However, the taste of water is quite a subjective thing. Let's be honest, people have different preferences and that might be because bottled water and tap water from different states and cities vary in their chemical makeup. For example, though my aunt lives 14 kilometers from me, tea tastes so different!
So, for fairness in my 'experiment', I got my fiance to do a blind taste test. Same glasses, same amount of water, only I knew which was which. And though he gave me a whole suspenseful delay as if he were some sort of water connoisseur, he said that the filtered stuff tasted like Volvic (which I recently found out is available at Walmart).
Making hot drinks with filtered water
Hard water is kryptonite for even the best tea kettles, and while descaling this vessel can be done very quickly and easily, using filtered water slows down the time it takes for your kettle to build up with limescale. It's also worth using this water in your coffee maker too, as you won't have to clean off so many calcium deposits. Here you can see I've used mine to fill my Breville MAX Barista coffee machine.
Now, I can't actually tell whether it made a better-tasting drink, but I guess that's an excuse to do more vigorous testing when working from home.
Bottled vs. filtered water: cost
Though spring or mineral water has become extremely accessible, a liter from the supermarket, a bottle from a vending machine can cut into the funds over time. And given we're all tightening the purse strings, you may as well make the most of your municipal supply. A half-liter bottle of water is $2 compared to the 8 cent-price tag from your pipes.
Changing the filters — including cost
Though the jug (which has one filter) is a great deal — just be aware, you'll need to replace the filter when your water meter reading is above 6. These are available on Amazon and are roughly $15-20, depending on how many you buy, and when you buy them. You can also get these on an automated subscription too from ZeroWater if you'd prefer.
The million-dollar question might be: 'When do I change my water filter?' In short, this all depends on how 'dirty' the water is to start. Now I don't mean unsafe to drink, but a higher level of residue will mean you need to replace the component that cleans your drinking water. Helpfully, Zerowater has provided an infographic to show you how many gallons you'll get out of one filter. For me, I'll get between 8-15 gallons before I need to switch the old one out.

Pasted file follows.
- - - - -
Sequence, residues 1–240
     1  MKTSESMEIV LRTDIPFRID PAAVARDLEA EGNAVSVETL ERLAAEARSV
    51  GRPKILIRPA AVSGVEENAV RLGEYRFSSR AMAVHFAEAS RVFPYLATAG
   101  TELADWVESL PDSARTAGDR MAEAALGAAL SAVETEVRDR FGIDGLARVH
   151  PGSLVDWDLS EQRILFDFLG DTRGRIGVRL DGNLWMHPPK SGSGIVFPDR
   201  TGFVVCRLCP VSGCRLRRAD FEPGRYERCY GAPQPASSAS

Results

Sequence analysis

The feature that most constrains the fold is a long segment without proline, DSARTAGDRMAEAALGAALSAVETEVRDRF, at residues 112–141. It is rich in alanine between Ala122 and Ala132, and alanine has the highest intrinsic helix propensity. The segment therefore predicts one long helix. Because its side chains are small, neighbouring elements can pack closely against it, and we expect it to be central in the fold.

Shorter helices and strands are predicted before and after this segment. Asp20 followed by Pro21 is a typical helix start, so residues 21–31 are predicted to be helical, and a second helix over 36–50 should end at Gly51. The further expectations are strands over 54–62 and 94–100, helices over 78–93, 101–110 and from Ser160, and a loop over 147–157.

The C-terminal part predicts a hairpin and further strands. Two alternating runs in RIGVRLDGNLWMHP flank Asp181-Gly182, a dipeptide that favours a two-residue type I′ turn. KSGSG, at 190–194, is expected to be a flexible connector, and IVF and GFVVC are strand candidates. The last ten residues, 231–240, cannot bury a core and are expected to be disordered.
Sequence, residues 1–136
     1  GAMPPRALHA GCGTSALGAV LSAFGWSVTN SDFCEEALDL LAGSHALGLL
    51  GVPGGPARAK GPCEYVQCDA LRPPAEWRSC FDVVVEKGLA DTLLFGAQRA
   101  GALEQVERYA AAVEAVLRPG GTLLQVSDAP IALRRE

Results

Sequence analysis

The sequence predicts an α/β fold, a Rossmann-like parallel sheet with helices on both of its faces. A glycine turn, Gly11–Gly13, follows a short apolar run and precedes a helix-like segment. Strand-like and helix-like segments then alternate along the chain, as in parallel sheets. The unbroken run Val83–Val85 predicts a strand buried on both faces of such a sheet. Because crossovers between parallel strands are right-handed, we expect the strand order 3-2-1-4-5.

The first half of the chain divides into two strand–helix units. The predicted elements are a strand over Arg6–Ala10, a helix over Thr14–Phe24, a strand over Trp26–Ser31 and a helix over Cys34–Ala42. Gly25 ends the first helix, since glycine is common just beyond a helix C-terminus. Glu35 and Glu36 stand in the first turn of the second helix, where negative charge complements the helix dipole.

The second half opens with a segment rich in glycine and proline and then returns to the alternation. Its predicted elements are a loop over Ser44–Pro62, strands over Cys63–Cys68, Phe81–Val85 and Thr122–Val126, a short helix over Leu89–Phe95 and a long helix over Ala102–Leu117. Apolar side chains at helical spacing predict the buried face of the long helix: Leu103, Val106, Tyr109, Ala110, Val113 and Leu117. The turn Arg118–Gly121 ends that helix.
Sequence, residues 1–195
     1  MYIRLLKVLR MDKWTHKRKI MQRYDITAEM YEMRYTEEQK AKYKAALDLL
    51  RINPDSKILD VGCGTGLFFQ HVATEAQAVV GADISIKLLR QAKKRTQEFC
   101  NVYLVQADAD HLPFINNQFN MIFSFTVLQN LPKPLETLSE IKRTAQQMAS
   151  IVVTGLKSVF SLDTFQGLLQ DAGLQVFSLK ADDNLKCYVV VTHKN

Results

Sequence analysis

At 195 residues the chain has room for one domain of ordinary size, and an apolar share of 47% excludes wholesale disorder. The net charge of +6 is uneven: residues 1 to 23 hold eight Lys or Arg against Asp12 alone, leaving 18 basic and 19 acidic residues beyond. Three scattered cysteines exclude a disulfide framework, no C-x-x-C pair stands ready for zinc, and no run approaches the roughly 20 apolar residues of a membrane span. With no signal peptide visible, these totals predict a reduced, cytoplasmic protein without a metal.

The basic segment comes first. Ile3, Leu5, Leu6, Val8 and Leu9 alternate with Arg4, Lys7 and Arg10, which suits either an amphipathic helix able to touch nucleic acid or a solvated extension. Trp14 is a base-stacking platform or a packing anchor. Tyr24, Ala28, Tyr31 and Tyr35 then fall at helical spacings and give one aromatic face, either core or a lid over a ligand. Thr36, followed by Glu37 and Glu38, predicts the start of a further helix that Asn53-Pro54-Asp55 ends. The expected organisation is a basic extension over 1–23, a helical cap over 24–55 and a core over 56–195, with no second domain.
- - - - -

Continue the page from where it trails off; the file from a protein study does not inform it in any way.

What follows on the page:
How does it compare to other water filter jugs?
Many water filter jugs on the market only have a 2-step filter which means that more than half of the dissolved solids still end up in your glass. These are generally less sophisticated and rely on simple granulated carbon filters.
Comparing the performance to a leading conventional filter, a 3rd party EPA-certified lab test revealed that the water from ZeroWater had a lower total dissolved solids (TDS) result when looking at the PPM (parts per million). In layman's terms, a ZeroWater jug will remove over 45 per cent more debris from your water.
Ergonomically, it's fine to hold (even at full capacity), but if I am being fussy it'd be great to have the more comfortable grip handle you get with the 10-cup model.
Is the ZeroWater water filter jug right for you?
One thing I learned back at university, is that a lot of bottled water on the shelves is actually filtered tap water. Yup, Aquafina, Dasani, Nestle Pure Life, and even the Kirkland water I buy from Costco. So why am I paying a premium when I could just turn on the tap?
I consider myself a bit of water snob... And it seems I'm not the only one. According to research by ZeroWater, the UK buys 7.7 billion single-use bottles a year — that's a lot of recycling on bin day (assuming the great British public do sort their trash). But if it's a matter of taste, then surely stripping out the chlorine and solids from our public water system makes more sense?
At around $20, it's a great purchase if you want to try and improve your water-drinking habits. Just seeing the dissolved solids that are extracted is enough for you to make the change for yourself and your family... And that includes upgrading the stuff that's in your furry friend's water bowl too.
ZeroWater ZBD-040-1, 40 Cup Ready-Pour Glass 5-stage Water Filter |
$74.99 $70.99 (save $4 from Amazon)
If you want something fancier that you're proud to display, invest in this glass dispenser! It looks super cute on your countertop or when you're dining alfresco. No one will know you've served them the same water that came out of the faucet.
ZeroWater ZD-018 ZD018, 23 Cup Water Filter Pitcher with Water Quality Meter | $39.99 at Amazon
If you've got a big family who needs to stay hydrated (especially after that soccer or swim class), upgrade to this 5.4 liter model.
About this review and the reviewer
Christina Chrysostomou is an eCommerce editor for Real Homes where she reviews household products to make your life easier at home, primarily focusing on cleaning and small kitchen appliances.
We are not given any compensation for our reviews, but we may be gifted the product. In this case, the lovely people at Media PR sent us the sample. This means that we can test it over a greater length of time and update our reviews if required.